Rescue workers searched rubble early Thursday for survivors of a fertilizer plant explosion in a small Texas town that killed as many as 15 people and injured more than 160 others. The blast left the factory a smoldering ruin and leveled homes and businesses for blocks in every direction.
The explosion in downtown West, a small farming community about 20 miles north of Waco, shook the ground with the strength of a small earthquake and could be heard dozens of miles away. It sent flames shooting into the night sky and rained burning embers and debris down on shocked and frightened residents.
“They are still getting injured folks out and they are evacuating people from their homes,” Waco police Sgt. William Patrick Swanton said early Thursday morning. He added later, “At some point this will turn into a recovery operation, but at this point, we are still in search and rescue.”
Swanton said authorities believe that between five and 15 people were killed in the blast, but stressed that is an early estimate. There is no indication the blast was anything other than an industrial accident, he said.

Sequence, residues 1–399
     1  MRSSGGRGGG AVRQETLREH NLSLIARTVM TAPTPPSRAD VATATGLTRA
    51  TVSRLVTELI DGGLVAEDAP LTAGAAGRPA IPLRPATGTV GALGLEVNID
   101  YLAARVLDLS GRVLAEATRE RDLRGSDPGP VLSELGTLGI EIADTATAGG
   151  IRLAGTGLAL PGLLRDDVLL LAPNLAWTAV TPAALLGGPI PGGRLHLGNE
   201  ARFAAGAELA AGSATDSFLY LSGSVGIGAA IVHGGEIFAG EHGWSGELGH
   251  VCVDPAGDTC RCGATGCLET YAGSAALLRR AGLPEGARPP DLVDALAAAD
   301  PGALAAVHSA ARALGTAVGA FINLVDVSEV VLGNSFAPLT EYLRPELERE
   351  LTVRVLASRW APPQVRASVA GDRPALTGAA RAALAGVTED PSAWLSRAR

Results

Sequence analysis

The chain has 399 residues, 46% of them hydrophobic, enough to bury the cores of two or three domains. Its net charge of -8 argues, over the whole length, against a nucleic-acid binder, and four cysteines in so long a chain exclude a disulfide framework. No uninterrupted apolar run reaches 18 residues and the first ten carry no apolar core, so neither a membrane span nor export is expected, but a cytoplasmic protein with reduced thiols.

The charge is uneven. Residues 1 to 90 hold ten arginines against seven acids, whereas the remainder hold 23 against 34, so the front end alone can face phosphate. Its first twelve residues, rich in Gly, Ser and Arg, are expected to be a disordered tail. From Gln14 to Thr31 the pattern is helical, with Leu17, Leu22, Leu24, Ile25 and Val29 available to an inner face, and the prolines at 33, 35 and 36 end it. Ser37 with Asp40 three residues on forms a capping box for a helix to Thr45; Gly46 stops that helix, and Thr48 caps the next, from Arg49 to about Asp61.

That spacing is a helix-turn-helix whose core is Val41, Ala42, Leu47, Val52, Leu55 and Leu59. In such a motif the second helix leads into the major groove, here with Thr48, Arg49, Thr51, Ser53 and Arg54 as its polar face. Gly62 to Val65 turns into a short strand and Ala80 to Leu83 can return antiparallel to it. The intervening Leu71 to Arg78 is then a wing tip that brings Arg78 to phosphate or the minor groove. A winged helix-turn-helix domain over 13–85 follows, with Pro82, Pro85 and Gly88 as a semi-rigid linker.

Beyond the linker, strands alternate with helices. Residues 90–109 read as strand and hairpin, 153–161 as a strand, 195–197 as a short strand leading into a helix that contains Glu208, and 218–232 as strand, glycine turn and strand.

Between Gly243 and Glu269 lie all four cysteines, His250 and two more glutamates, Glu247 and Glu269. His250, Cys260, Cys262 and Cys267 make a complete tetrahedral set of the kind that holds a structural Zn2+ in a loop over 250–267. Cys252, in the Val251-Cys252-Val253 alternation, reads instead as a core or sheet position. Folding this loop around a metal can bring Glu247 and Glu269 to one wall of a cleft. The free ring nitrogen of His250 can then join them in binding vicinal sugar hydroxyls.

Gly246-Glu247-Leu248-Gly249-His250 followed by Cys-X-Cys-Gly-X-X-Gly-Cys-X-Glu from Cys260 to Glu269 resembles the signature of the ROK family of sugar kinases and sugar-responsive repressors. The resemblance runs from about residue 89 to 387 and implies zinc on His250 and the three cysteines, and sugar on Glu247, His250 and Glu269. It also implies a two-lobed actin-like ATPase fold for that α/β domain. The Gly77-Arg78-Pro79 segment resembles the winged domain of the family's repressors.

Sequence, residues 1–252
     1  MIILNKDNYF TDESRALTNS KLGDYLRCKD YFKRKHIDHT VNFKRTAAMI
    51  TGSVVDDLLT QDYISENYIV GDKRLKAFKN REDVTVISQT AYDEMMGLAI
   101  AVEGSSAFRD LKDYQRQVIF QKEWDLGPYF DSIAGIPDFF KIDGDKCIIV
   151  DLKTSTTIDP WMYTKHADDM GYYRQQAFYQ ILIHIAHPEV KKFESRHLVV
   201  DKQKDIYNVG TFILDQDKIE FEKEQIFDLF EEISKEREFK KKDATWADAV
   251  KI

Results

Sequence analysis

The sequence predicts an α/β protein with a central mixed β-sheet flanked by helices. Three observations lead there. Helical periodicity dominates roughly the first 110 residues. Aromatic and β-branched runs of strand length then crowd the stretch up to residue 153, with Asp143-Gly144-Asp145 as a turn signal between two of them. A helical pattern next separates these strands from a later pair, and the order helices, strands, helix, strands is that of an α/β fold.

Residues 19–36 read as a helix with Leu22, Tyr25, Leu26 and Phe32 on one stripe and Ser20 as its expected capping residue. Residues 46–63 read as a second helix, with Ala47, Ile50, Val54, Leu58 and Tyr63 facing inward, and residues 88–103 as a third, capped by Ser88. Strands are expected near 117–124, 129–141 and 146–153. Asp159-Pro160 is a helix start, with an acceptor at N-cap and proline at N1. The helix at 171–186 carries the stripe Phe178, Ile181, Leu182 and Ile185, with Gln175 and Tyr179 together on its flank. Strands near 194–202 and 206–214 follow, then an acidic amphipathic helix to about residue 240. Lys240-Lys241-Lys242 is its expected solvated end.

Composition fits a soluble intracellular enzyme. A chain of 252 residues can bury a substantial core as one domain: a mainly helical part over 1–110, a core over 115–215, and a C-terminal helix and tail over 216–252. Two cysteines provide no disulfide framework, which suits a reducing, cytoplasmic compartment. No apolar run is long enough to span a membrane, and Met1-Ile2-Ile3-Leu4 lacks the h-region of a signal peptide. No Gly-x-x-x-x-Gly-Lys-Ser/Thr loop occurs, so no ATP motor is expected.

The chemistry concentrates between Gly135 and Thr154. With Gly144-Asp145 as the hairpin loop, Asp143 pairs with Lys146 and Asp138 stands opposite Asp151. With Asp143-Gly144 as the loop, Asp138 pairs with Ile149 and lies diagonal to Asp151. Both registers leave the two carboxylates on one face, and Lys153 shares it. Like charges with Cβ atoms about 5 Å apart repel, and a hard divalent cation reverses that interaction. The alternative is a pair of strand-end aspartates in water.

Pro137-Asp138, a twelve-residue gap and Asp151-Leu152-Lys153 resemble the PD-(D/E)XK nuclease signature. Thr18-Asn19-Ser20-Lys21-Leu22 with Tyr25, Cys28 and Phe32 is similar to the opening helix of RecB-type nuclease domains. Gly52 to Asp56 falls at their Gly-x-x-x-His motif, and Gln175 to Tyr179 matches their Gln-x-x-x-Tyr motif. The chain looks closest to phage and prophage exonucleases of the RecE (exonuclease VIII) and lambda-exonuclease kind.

Among those believed to be dead: Three to five volunteer firefighters and a single law enforcement officer who responded to a fire call at the West Fertilizer Co. shortly before the blast. They remained unaccounted for early Thursday morning.
The explosion that struck around 8 p.m. leveled a four-block area around the plant that a member of the city council, Al Vanek, said was “totally decimated.” The toll included 50 to 75 houses, an apartment complex with about 50 units that one state police officer said was reduced to “a skeleton,” a middle school and the West Rest Haven Nursing Home, from which first-responders evacuated 133 patients, some in wheelchairs.